That’s when New England flipped out. The industry, which was seeing no dropoff, concluded that NOAA had lost its marbles—a position shared by its representatives. “This GOM [Gulf of Maine] cod situation is further proof that the entire research and data process needs to be completely overhauled,” Senator John Kerry wrote to NOAA.
So Palmer decided to pick through those 2007 and 2008 surveys that had found so many cod. What he saw stunned him. As in other years, most tows on the 2007 survey yielded no cod or just a handful of fish. And then, on April 24, on Stellwagen Bank, the net came up with 800 cod, the most ever seen in 44 years of surveys. The pattern repeated in 2008: Only three tows produced more than 10 cod. One netted 15, another 42, and the other caught 578. “Should’ve been a red flag,” Palmer says.
The old assessment model had taken those two huge tows at face value, but Palmer’s new model gave less weight to freakish outliers, positive or negative. That, along with the low cod numbers seen on the 2009, 2010, and 2011 surveys, was behind the massive downgrade.
Still, the mystery remained: How could NOAA’s estimates be so at odds with what the fishermen were seeing? A clue arrived in the spring of 2012, when one of Palmer’s colleagues noticed that Stellwagen Bank had experienced a population explosion of sand lance starting in 2006. Sand lance like to hide in sandy bottomland, which makes Stellwagen Bank one of their favorite places on earth, and,cod love to eat sand lance: “He came to me and asked, ‘Is there any potential that what we’re seeing in the fishing industry is being driven by sand lance abundance?’”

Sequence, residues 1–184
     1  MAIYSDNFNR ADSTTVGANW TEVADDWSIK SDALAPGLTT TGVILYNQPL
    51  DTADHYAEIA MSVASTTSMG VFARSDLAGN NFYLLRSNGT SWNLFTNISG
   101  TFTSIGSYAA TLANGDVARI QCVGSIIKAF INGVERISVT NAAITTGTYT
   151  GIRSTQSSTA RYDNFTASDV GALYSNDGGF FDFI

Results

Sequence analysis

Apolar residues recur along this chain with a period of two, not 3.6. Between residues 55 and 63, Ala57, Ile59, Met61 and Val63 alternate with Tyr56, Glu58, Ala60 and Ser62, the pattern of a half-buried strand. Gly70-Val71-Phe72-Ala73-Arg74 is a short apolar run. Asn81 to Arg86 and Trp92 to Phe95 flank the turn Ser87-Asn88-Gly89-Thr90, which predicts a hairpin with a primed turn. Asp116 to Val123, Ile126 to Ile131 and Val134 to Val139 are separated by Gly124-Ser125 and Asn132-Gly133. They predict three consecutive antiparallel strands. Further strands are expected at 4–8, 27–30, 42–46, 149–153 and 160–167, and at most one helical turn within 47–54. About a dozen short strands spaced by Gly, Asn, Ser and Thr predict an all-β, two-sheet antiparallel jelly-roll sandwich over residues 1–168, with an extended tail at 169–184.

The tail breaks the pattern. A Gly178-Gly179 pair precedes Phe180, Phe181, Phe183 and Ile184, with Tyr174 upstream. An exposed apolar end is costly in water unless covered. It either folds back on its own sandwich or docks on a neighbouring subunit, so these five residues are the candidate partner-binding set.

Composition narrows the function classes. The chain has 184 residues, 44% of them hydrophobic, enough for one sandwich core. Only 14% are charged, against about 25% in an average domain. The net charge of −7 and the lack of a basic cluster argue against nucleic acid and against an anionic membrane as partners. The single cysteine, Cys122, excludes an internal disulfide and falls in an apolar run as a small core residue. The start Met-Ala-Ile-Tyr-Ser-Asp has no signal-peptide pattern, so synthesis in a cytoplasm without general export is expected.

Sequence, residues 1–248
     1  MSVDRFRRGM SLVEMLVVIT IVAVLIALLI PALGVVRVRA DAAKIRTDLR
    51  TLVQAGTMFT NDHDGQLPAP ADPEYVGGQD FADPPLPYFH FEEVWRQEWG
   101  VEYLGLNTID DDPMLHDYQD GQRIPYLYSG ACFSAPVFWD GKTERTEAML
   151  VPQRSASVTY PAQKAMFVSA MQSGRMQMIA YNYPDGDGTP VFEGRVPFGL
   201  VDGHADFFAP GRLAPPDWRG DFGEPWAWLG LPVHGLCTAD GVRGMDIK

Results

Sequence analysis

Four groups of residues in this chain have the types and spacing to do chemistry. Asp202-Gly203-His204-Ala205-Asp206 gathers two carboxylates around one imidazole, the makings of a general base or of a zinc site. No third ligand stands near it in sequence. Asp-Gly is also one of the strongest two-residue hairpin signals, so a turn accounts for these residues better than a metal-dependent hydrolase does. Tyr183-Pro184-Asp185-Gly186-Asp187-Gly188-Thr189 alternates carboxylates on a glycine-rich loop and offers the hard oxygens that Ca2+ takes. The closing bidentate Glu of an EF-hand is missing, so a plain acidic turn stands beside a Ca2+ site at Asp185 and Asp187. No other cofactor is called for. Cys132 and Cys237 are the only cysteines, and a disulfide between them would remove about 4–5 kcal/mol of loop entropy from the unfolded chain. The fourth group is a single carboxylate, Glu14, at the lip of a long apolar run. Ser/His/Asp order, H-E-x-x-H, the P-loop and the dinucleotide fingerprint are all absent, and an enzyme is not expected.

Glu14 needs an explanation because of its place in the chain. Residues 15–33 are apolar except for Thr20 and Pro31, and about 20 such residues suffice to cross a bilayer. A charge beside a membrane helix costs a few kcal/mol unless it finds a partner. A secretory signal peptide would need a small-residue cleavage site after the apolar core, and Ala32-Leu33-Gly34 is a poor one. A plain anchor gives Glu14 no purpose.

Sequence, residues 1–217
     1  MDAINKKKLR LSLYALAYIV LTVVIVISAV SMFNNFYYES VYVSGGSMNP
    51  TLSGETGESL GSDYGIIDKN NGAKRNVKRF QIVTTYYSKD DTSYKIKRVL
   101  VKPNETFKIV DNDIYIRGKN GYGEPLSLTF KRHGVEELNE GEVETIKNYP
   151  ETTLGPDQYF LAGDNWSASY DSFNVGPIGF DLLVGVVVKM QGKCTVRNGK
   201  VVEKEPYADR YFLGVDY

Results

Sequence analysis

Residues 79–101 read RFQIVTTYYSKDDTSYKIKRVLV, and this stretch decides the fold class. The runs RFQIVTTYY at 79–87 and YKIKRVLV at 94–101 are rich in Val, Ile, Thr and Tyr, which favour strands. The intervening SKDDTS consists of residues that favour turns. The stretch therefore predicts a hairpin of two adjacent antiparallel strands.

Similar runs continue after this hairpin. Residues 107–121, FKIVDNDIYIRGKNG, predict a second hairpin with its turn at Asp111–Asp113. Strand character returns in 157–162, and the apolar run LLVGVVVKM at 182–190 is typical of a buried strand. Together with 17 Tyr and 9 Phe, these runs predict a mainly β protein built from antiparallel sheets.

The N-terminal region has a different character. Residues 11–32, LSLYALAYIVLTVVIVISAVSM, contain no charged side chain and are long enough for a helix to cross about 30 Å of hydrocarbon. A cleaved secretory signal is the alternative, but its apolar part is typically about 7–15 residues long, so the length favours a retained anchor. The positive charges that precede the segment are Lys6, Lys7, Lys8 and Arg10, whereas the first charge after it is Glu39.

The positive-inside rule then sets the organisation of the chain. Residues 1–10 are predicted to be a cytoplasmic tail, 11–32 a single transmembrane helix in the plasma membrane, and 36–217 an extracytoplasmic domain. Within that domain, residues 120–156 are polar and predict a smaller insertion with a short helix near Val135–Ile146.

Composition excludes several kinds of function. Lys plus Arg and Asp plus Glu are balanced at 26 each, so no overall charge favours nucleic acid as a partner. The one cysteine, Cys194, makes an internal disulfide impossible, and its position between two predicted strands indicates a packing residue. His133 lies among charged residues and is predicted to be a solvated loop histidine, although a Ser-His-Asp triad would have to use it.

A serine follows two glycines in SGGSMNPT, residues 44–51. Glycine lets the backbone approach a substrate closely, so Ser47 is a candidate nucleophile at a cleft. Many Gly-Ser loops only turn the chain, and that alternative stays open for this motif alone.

Palmer didn’t know, so he analyzed where fishermen were catching their cod. That result was his next shock: Almost half of the cod landings for the entire Gulf of Maine were coming from a tiny area on the northern tip of Stellwagen Bank, not two hours’ steam from Gloucester—the exact location of NOAA’s massive tows in 2007 and 2008. “They were all on Stellwagen Bank,” Palmer marvels. “Right where the sand lance were, right where our surveys were finding all the cod.”
Instead of a cod recovery in the Gulf of Maine, there had been a tragedy: a once-in-a-generation blowout of sand lance on Stellwagen Bank, right in front of Gloucester’s nose, causing an extraordinary percentage of the remaining cod to gather themselves tightly in that one spot, where a few lucky fishermen had easily scooped them up, leaving the rest of the Gulf bare.
Sadly, the past year has played out just as Mike Palmer’s 2011 assessment would have predicted. Both NOAA and the Commonwealth of Massachusetts found fewer cod during their surveys than ever before, and even fishermen struggled to find fish. That didn’t stop Massachusetts’ attorney general, Martha Coakley, from calling the new quota “a death sentence for the Massachusetts fishing industry,” when she filed suit in federal court against NOAA, arguing that “the federal government has shown a callous disregard for the well-being of Massachusetts fishing families.” But no rhetoric can disguise the stark reality: New England’s 500-year run of cod is over.
[ May 7 ]
Near the Isles of Shoals, the fog finds us. We glide through a wet, white world, blowing our foghorn every two minutes, white lobster floats ghosting past, seagulls calling behind the boat like lost souls. Thousands of fishermen out of Portsmouth and Gloucester have vanished in such conditions. It was always a knife-edge existence, yet for centuries the fishing was so fine that it kept luring us back.